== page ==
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Forests and Streamflow A Discussion of the Hoyt-Troxell Report

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Abstract:

The Hoyt-Troxell report is an attack upon the widely accepted belief that watershed vegetation must be kept intact for the most favorable influence upon stream flow and erosion and flood control, and, that the negative values of the vegetation, because of transpiration losses, are far outweighed by the beneficial effects. The Hoyt-Troxell report has had wide circulation; from several parts of the World we learn that it has mislead engineers as to the value of watershed cover for the region in which the study was conducted. The conflicting evidence of various recent contributions emphasizes the importance of correctly evaluating the factors involved and that a complete algebraic summation must be made of all plus and minus factors to furnish the correct basis for watershed protection measures. Dr. Lowdermilk's careful analysis of the authors' data and conclusions provokes and calls for further discussion of this report and of investigation of the subject in general by foresters and engineers.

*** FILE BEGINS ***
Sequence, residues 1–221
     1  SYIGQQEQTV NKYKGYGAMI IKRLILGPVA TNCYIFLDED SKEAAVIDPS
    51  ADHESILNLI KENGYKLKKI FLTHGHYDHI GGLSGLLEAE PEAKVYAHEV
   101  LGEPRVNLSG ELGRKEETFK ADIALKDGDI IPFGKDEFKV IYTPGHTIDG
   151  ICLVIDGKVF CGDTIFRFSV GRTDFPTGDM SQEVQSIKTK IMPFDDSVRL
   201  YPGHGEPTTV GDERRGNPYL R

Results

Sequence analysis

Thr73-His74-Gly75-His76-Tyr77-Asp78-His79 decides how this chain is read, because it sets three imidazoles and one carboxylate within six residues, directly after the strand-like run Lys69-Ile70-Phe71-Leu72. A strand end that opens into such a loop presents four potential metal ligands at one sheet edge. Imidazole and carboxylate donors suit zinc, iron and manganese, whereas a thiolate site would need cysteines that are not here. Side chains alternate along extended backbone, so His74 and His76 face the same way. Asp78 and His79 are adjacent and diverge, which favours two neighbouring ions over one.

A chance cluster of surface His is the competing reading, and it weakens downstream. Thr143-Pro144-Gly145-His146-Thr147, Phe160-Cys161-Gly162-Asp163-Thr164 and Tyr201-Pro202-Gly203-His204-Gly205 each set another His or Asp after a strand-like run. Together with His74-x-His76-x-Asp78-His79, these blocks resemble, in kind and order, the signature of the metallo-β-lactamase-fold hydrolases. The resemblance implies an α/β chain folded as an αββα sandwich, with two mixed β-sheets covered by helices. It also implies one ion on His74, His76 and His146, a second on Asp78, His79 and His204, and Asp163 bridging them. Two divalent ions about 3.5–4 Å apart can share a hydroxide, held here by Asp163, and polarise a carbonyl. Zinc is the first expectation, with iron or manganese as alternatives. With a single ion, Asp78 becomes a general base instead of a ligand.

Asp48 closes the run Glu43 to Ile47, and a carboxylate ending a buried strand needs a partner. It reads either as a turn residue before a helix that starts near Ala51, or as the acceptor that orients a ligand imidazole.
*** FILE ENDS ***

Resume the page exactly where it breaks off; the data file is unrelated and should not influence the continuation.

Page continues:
Document Type: Journal Article

Affiliations: Senior Silviculturist, California Forest Experiment Station

Publication date: 1933-03-01

More about this publication?
  • The Journal of Forestry is the most widely circulated scholarly forestry journal in the world. In print since 1902, the Journal has received several national awards for excellence. The mission of the Journal of Forestry is to advance the profession of forestry by keeping forest management professionals informed about significant developments and ideas in the many facets of forestry: economics, education and communication, entomology and pathology, fire, forest ecology, geospatial technologies, history, international forestry, measurements, policy, recreation, silviculture, social sciences, soils and hydrology, urban and community forestry, utilization and engineering, and wildlife management. The Journal is published bimonthly: January, March, May, July, September, and November.

    2015 Impact Factor: 1.476
    Ranking: 22 of 66 in forestry

    Also published by SAF:
    Forest Science
    Other SAF Publications
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